• Different levels of packages at different price points - I don’t expect to make this too complicated for the organizers.  Perhaps, a couple of options for those who want the bare bones basics and others who want the bells and whistles.  For example:    Standard Package- attendance of any of the online featured seminars of your choice with download capabilities  Premium Package –access to Exhibitors hall, downloads, free subscriptions, e-books etc. 
  • Value for the Money – I have no problem paying for a virtual conference. I have been known to pay up to $200.00 for a 3-day online conference.  I felt I got my monies worth on those occasions and walked away with a sense of rejuvenation and motivation that I get from attending a live conference. I would love to see the genealogy conference come to this point in the near future.  If all of the above suggestions were implemented, I definitely feel I was getting value for my money.  I believe instead of attending one conference a year in person, which I would continue to do, I would attend maybe 3 virtual conferences each year along with the one I attend in person. This is a win-win for everyone.  

What are you looking for in an online genealogy conference?  Are there any recommendations you would like to add to the the list? 


Geniaus said...

As Australians we are ruled by The Tryanny of Distance so online or virtual conferences are very attractive options for us. If we want to see a swag of international speakers gathered in one place at one time we need to take a very costly aeroplane ride.

Advance notice is important - the anouncement of last weekend's talks was just too late for me as I was already committed.

An attractive pricepoint is important. I don't mind paying a one-off fee as it is easier for organisers to administer.

I haven't any original thoughts at the moment but will return when and if I do.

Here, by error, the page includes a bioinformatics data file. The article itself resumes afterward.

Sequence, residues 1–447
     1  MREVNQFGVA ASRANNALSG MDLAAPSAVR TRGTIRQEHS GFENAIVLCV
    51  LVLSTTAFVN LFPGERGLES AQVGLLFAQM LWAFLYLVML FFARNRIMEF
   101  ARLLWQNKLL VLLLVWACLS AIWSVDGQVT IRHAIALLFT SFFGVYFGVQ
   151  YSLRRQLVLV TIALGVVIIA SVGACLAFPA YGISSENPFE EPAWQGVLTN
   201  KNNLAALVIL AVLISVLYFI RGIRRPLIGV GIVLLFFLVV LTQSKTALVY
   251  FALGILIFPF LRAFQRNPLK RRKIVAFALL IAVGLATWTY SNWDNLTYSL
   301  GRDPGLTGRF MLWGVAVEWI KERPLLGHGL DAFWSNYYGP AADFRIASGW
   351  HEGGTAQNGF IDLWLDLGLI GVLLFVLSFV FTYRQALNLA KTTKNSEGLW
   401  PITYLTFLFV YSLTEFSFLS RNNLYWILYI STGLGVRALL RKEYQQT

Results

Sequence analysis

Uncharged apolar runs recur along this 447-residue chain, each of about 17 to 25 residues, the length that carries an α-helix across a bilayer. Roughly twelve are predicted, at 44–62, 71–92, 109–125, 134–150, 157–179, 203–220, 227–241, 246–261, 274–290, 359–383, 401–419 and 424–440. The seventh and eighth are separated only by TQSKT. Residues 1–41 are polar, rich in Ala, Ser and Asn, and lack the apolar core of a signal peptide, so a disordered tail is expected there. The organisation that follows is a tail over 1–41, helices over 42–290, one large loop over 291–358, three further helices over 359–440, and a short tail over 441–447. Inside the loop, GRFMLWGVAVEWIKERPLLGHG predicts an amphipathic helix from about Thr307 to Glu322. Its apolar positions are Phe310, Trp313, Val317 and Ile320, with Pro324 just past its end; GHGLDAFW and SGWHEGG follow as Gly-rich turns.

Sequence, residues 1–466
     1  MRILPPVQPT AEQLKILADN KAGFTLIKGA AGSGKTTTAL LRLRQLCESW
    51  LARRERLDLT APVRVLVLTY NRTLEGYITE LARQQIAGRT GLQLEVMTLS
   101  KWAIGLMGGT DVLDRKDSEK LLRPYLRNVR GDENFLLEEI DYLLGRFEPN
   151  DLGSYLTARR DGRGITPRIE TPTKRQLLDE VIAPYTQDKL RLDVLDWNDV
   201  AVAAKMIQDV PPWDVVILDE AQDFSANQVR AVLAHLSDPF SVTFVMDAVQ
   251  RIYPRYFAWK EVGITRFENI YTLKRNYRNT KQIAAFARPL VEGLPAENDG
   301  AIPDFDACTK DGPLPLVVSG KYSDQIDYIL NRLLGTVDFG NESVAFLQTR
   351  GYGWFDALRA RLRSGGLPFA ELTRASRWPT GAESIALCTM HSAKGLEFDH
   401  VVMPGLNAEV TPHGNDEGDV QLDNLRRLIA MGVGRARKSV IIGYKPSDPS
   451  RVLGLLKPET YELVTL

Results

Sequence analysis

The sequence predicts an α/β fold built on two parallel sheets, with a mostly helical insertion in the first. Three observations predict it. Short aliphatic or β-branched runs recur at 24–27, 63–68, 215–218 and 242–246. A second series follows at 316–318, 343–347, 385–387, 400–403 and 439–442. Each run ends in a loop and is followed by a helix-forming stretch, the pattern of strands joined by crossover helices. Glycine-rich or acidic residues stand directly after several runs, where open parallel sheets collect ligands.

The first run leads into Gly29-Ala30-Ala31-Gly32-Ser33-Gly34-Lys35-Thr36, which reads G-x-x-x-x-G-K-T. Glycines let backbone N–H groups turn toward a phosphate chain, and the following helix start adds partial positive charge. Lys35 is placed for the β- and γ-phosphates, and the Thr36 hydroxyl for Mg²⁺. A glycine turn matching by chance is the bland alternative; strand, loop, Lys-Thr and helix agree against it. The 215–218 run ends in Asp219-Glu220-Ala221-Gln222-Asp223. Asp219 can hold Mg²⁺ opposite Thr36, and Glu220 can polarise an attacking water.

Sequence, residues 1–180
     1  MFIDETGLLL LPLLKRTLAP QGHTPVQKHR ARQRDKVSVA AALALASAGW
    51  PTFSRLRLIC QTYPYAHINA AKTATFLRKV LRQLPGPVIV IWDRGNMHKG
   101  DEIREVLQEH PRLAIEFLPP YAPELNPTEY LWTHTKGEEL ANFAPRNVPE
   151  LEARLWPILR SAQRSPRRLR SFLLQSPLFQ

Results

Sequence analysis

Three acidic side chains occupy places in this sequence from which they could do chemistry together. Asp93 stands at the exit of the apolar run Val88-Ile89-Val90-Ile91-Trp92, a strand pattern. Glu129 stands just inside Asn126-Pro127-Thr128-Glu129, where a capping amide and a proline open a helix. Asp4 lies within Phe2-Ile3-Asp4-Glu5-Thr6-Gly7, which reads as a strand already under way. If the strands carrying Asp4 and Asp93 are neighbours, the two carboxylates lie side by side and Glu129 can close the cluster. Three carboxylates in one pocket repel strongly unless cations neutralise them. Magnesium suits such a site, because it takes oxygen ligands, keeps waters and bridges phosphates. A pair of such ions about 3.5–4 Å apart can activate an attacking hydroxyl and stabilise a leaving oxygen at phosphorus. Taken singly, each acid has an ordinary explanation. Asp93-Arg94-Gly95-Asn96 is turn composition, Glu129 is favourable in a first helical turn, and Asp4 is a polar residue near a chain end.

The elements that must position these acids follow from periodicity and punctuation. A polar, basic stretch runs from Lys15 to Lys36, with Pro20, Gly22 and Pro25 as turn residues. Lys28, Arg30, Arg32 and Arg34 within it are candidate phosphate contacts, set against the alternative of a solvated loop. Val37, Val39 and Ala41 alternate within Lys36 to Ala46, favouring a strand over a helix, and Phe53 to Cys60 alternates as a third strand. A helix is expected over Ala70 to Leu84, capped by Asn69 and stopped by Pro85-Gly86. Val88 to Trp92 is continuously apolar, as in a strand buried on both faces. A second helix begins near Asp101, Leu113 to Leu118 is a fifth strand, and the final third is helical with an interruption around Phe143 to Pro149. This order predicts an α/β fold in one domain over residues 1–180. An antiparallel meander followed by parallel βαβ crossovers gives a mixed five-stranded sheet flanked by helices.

Moultrie Creek said...

I love your ideas! I frequently attend webinars at work and find them quite enjoyable. Managers and presented have improved significantly with experience and I expect the same will happen in the genea-world.

Virtual exhibits can also be enjoyable and cost-effective. With video demonstrations and easy to initiate chats via Skype, Google, Yahoo or Face Time, customers can get questions answered and vendors can make their pitch.

What's needed is a period of experimenting where we - attendees, vendors, speakers and conference organizers - try out the different technologies to see which work best and then get comfortable using them.

Lynn Palermo said...

@Geniaus I believe many of us are under the same Tyranny, and it provides a great opportunity to organizers
@Moultrie Creek great ideas for virtual exhibits. Absolutely a period of experimenting will be required. Let's hope the powers that be are listening.

Grace said...

Hi, Lynn!

It's funny that you posted this, because Family Tree University just opened registration for a Virtual Conference happening this summer. :)

I don't want to get all sales-pitchy in your comments, so I'll just share the link:

Lynn Palermo said...

Thanks Grace, I'll check it out!

Lesley said...

Hi -

I would love to see the existing in-person conferences enhance their recording offerings... CDs are great but they feel rather old-school, and I know of companies that provide a live learning experience, including MP3/online access, audio/video on demand, etc. I would be willing to pay to access a variety of sessions as opposed to having to access things piecemeal.